Learn Ruby First
This is the first chapter of the second section. Each new section indicates a change of scope and increase in difficulty. In section one, you were introduced to the Ruby language. Each chapter added some critical pieces of information to your understanding of Ruby. At this point, you should have a strong command of the syntax, data types, and operators. You should also feel comfortable working with classes, objects, and methods. You don't need to feel like an expert to move on but you should know the basics of how to call a method and define a class.
Section two will primarily focus on writing code. We will also learn some of the best practices developed by industry experts. These practices will help us with structuring our code and outlining the development process. They have been established by some of the most brilliant minds in the programming industry and adopted by the Ruby community as a whole. They are meant to enable developers to not only write great code today, but also maintainable and extensible code for the future.
While we are developing programs, we can be certain they will grow in size and complexity. Changes to the code are inevitable. They may come from a new feature being implemented or an enhancement to improve performance. Having the knowledge that the code we write today will need to be changed tomorrow, we can develop with extensibility in mind. Embracing change and preparing for things to come are soft skills that help turn an intermediate developer into a master of the language. In order to write fluid code, highly adaptable to change, we begin with a focus on modularity.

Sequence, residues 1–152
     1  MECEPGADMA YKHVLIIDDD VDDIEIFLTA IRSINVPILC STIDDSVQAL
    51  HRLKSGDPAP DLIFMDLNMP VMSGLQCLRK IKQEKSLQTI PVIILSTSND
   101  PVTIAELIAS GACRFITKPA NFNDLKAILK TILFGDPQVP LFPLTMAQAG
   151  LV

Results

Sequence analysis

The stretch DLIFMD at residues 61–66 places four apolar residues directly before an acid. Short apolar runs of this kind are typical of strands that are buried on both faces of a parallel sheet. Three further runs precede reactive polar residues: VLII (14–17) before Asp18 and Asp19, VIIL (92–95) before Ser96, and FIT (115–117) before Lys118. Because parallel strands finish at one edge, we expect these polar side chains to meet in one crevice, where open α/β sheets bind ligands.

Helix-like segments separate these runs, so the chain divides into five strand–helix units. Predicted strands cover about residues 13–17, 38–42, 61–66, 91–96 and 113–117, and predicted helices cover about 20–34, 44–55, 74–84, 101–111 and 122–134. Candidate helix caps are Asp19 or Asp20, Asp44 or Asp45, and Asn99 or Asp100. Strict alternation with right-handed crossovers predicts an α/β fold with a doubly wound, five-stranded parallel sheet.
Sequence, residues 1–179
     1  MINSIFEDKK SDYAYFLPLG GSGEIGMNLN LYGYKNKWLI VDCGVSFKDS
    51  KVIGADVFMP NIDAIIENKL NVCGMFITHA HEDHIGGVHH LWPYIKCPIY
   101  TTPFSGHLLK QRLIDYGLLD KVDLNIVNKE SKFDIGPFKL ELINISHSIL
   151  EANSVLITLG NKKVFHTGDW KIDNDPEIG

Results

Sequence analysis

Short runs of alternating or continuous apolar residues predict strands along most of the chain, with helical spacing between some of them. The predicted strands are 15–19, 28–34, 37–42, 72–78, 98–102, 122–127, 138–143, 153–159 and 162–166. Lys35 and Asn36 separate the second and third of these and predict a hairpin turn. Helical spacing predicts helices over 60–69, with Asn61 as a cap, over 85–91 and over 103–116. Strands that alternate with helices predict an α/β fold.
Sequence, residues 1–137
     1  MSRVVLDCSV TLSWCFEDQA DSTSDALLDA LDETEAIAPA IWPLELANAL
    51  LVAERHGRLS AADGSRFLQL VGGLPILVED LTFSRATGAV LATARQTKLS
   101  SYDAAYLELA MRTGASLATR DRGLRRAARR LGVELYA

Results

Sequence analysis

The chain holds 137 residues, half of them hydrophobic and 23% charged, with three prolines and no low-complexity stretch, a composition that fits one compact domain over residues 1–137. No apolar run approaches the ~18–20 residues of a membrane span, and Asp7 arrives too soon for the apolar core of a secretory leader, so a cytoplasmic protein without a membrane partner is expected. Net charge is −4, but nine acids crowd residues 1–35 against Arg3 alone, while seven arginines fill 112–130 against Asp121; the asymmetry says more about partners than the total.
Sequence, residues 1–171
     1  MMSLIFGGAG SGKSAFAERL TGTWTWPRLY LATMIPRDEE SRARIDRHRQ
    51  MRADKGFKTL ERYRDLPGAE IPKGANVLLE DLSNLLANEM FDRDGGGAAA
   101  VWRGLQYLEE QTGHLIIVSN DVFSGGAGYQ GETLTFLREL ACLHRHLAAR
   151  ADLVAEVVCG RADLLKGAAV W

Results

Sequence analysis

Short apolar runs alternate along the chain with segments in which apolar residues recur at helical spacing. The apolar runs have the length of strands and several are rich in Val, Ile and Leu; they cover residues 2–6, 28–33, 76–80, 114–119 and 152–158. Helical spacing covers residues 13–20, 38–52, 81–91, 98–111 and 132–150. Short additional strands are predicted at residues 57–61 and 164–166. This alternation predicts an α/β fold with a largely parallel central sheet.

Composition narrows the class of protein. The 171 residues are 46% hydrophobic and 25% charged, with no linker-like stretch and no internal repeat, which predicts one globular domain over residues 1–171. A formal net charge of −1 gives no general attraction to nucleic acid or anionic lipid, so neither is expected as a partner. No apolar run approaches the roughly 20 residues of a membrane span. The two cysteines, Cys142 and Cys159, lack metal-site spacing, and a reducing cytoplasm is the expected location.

Write Modular Code
Applications are made up from many moving parts. Each part plays a specific role and the sum of the parts defines the finished project. Modular code is essentially code that is divided into smaller related parts. Modularity begins with having a proper project architecture.
During development it's best to keep the pieces physically separated into different folders and files. Functionality should be divided into separate modules. Each module should have just as much information as it needs to perform its job. Dependency inversion is a key concept in OOD (Object Oriented Design). The more dependencies there are the less flexible an application becomes. Brittle applications are defined as those that inflexible. They break easily when exposed to change. These applications are not extensible or future-friendly. Our goal as developers is to create quality applications, which means building with extensibility in mind.
Executing code within your editor
Many text editors and Integrated Development Environments (IDE's) have options for executing code. The Sublime editor makes this easy with a keyboard shortcut
cmd + b. If you want to execute ruby files from within Sublime, simply use the keyboard shortcut and sublime will provide a separate pane across the bottom with the results. In the image below, we see the 'add' method being executed and the correct result returned in 0.4 seconds. This method of running code is easier than the IRB shell as your code begins to span multiple lines.